‘Perinatal’ describes the period during pregnancy (antenatal) as well as the year following birth (postnatal). Women can develop symptoms of depression and anxiety before, during, or after the birth of a child, or may experience symptoms throughout. When considering the huge life adjustment associated with being a new mum, on top of the demands of a pregnancy or a newborn, it is unsurprising that some women experience depression and/or anxiety.

Many women worry that the transition to motherhood should be effortless and joyful, and feel frustrated or confused when this is not the case for them. If you are experiencing perinatal depression or anxiety, you may be distressed by your mood and inability to enjoy aspects of the pregnancy or newborn period. You may be noticing ongoing changes in your mood, sleep, motivation, confidence, appetite, and have begun to withdraw from family and friends. If this is the case for you, it is important to speak with a professional. In some cases, without seeking support, symptoms of perinatal anxiety and depression can have a lasting impact a woman’s self-esteem.

Motherhood presents some of the greatest challenges and joys in life. For some women, pregnancy and birth does not go as planned, and they encounter emotional difficulties they didn’t anticipate. For example, you may have had a positive and uncomplicated pregnancy in the past, and are surprised to now be experiencing perinatal anxiety.

You may identify with some of the factors which are believed to contribute to perinatal anxiety and depression:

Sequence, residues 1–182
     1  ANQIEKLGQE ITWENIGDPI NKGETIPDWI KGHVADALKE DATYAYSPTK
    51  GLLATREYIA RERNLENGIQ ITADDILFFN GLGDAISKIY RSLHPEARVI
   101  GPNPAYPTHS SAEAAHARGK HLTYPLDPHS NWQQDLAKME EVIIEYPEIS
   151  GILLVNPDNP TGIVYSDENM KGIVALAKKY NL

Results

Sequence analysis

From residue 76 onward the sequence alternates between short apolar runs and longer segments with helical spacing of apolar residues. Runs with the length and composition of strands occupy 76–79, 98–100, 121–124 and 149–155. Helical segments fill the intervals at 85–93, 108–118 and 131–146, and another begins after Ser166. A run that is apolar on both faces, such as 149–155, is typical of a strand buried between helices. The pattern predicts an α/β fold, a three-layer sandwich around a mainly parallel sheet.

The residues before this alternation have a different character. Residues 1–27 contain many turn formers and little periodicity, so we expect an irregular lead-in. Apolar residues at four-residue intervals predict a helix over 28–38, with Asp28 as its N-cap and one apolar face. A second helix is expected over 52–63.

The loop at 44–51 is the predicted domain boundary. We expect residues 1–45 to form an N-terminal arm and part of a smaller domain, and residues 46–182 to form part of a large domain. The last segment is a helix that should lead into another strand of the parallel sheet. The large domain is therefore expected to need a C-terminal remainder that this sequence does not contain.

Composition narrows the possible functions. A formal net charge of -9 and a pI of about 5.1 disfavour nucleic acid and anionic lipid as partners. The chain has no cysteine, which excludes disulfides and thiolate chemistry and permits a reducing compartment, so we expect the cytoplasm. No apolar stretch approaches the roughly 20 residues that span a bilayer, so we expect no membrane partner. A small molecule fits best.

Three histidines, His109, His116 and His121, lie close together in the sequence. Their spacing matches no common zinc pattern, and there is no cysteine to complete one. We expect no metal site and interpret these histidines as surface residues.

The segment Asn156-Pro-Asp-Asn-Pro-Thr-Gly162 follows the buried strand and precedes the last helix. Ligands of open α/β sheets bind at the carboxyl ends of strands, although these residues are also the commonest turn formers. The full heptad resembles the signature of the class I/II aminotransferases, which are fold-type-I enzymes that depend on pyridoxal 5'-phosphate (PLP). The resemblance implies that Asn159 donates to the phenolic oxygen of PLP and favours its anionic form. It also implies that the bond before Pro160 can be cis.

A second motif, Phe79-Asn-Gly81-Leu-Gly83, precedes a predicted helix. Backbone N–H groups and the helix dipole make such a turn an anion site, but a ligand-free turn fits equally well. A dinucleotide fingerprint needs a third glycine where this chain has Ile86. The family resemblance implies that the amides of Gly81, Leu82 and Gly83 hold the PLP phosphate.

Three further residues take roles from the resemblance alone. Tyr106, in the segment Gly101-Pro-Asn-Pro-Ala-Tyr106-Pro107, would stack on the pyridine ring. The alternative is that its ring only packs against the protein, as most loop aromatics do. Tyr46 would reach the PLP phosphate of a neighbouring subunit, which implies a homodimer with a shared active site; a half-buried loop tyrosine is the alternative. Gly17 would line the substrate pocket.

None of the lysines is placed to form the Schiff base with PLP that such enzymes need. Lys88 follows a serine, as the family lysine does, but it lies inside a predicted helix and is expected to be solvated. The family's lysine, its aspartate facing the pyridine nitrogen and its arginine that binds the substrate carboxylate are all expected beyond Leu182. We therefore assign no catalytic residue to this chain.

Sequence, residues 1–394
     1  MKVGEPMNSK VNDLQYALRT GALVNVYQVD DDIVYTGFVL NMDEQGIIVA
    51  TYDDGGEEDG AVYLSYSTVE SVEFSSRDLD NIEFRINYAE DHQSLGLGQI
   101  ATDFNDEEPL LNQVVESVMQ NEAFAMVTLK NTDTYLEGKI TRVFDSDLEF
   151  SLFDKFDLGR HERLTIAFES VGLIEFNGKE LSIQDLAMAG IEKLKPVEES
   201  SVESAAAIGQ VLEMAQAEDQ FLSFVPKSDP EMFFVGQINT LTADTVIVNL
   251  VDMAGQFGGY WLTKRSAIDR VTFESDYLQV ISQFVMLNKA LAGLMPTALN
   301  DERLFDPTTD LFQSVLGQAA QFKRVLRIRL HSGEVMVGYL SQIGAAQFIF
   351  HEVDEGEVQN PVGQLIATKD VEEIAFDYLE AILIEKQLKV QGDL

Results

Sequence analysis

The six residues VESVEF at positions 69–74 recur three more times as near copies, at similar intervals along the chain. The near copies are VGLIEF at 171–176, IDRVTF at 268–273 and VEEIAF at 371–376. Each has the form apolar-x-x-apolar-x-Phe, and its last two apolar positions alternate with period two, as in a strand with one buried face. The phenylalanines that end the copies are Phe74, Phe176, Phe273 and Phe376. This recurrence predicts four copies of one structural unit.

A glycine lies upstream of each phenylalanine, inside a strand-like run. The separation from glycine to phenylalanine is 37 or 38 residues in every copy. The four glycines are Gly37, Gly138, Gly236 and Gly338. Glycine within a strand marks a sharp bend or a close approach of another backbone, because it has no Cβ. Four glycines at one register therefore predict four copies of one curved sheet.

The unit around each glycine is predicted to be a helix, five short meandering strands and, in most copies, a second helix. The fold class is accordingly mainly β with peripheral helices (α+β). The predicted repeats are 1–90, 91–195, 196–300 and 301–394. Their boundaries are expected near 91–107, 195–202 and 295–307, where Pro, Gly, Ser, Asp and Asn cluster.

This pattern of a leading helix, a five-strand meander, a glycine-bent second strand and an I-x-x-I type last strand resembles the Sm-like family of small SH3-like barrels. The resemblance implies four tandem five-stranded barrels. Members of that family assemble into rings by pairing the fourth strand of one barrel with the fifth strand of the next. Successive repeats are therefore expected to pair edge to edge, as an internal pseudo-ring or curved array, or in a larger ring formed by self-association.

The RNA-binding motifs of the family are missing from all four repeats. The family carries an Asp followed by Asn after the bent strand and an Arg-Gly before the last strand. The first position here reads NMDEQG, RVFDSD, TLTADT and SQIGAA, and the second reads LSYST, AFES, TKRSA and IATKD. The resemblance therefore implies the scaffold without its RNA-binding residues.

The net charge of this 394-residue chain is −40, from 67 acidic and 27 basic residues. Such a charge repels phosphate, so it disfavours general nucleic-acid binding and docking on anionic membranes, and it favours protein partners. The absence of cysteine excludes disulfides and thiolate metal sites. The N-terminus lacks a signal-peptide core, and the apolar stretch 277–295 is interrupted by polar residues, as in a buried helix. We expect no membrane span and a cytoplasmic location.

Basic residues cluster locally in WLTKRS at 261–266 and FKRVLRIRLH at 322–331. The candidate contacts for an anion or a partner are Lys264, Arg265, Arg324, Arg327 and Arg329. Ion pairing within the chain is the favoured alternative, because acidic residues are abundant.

• Previous mental health problems
  • Life stressors such as relationship concerns, financial strain, medical concerns, etc
  • Lack of practical support – e.g. single parenthood or absence of family support
  • Lack of emotional support or a breakdown in relationships with close friends or family
  • Complications with pregnancy or labour, including premature delivery
  • Breastfeeding difficulties
  • Having unrealistic expectations about pregnancy or motherhood

If you are pregnant, and are beginning to experience symptoms of anxiety and depression, early intervention is vital as a protective factor against ongoing symptoms after your baby is born. As a new mum, you are the most influential person in your child’s life. The maternal bond is an extremely precious and unique relationship. However, the maternal bond does not always form instantaneously, and is influenced by both emotional and physical components of your health. Therefore, it is extremely important to take care of both your physical and mental health. From infancy, a child needs an attentive, emotionally responsive caregiver for their healthy physical, social and emotional development: a relationship in which the infant feels secure promotes later psychological wellbeing.

Don’t struggle with perinatal anxiety and depression alone, seek support from a psychologist. At VCPS our practitioners are specialised in providing support to mothers experiencing perinatal anxiety and depression.

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